The global insurance industry disclosed roughly $1.3 billion in collective losses and reserve charges related to the Russia-Ukraine war in the first quarter, according to an S&P Global Market Intelligence analysis.
Insurers and reinsurers in Europe were hit particularly hard, with some signaling that losses may impact future earnings as well as incurred but not reported reserve holdings as the situation escalates.
War-related losses hit big European insurers
Swiss Re AG sustained the largest war-related impact among European insurers with a $283 million reserve hit for potential claims. During an earnings call, CFO John Dacey warned that some war-related claims were likely to get worse the longer the conflict continues, particularly in the credit and surety business line, which covers nonpayment for goods and services.
Swiss Re expects the ultimate industry claims bill from the war to be akin to a small catastrophe. Dacey estimated the loss toward the lower end of a $10 billion-$20 billion range.
Hannover Re in the first quarter created a "precautionary reserve" for war-related claims amounting to roughly $161.0 million. The reserve excludes potential aviation losses expected to take years to resolve.
Munich Re booked an expenditure of roughly $112.2 million for war-related claims, with most of it reserved for future expected claims. CFO Christoph Jurecka during an earnings call warned that Munich Re's loss figures would likely develop, both as it incurs more losses in the second quarter and learns more about its first-quarter losses.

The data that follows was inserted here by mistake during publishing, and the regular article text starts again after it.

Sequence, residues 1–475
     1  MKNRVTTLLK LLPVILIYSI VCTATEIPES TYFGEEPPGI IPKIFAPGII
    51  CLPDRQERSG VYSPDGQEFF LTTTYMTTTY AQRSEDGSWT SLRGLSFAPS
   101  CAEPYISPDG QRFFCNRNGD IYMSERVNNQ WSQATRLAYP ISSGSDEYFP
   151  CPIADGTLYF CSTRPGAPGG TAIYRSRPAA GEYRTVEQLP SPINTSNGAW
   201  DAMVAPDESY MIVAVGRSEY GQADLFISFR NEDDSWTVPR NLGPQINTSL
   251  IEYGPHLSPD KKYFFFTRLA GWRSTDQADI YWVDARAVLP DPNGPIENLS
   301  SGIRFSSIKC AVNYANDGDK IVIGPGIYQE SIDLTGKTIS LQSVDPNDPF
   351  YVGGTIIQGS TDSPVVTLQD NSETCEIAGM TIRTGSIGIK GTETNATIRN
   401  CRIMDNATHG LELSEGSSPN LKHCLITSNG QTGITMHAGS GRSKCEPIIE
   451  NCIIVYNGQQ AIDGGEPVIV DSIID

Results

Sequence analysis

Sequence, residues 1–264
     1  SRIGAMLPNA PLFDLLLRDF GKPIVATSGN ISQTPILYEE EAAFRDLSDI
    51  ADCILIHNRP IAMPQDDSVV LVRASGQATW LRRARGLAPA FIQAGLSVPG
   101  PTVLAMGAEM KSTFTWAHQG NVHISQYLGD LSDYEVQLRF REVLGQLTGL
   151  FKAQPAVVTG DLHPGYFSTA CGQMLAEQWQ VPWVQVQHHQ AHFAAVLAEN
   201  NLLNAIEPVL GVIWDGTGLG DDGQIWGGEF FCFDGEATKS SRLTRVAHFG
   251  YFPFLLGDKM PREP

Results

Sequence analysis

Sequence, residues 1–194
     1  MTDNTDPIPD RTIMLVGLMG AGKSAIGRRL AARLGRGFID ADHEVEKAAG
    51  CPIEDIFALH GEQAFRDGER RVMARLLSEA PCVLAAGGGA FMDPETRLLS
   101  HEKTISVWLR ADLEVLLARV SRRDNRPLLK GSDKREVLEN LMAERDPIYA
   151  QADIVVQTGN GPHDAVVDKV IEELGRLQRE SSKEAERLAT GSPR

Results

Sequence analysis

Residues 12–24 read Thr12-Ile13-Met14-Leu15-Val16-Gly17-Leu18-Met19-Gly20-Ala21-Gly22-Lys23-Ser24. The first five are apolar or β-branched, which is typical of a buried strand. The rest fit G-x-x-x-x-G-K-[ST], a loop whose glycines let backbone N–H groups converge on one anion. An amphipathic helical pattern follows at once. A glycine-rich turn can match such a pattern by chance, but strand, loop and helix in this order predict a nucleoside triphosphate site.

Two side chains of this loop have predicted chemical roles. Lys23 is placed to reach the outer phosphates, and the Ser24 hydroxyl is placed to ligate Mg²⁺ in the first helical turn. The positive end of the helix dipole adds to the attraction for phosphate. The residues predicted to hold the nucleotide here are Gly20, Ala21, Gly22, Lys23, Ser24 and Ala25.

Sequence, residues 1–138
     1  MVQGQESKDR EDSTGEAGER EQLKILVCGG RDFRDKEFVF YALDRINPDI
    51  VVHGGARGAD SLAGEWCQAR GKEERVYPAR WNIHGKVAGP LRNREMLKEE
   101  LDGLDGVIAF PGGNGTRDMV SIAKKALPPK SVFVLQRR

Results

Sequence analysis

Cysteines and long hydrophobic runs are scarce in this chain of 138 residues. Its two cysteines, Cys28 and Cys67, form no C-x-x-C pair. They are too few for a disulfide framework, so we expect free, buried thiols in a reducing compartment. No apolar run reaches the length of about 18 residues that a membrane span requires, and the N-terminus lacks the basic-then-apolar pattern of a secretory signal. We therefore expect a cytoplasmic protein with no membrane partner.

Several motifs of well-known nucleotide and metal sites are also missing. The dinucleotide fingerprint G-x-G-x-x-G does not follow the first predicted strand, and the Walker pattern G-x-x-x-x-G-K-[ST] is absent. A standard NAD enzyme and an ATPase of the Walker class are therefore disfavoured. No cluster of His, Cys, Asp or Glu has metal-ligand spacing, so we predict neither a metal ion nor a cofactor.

The impact has been less severe for U.S. insurers. American International Group Inc. reported one of the largest first-quarter losses among the group at $85 million.
Investment losses, write-downs
A few insurers also recorded certain realized losses or wrote down the value of Russian-related assets during the first quarter.
Munich Re wrote down the value of Russian and Ukrainian bonds by roughly $785.5 million.
MetLife Inc. recognized about $400 million in net investment losses during the first quarter, much of it related to exposure in Russia. The company also recorded an allowance for credit losses on its investment in Russian sovereign securities and corporate securities of $129 million and $65 million, respectively. MetLife booked a similar allowance on its investments in Ukrainian sovereign securities and corporate securities for $78 million and $2 million, respectively, according to a recent 10-Q.
Massachusetts Mutual Life Insurance Co. experienced a total realized loss from Russia-related exposure of about $320.7 million in the quarter. Those losses pertained mainly to sovereign Russian and Ukrainian investments and certain other Russia-related bonds.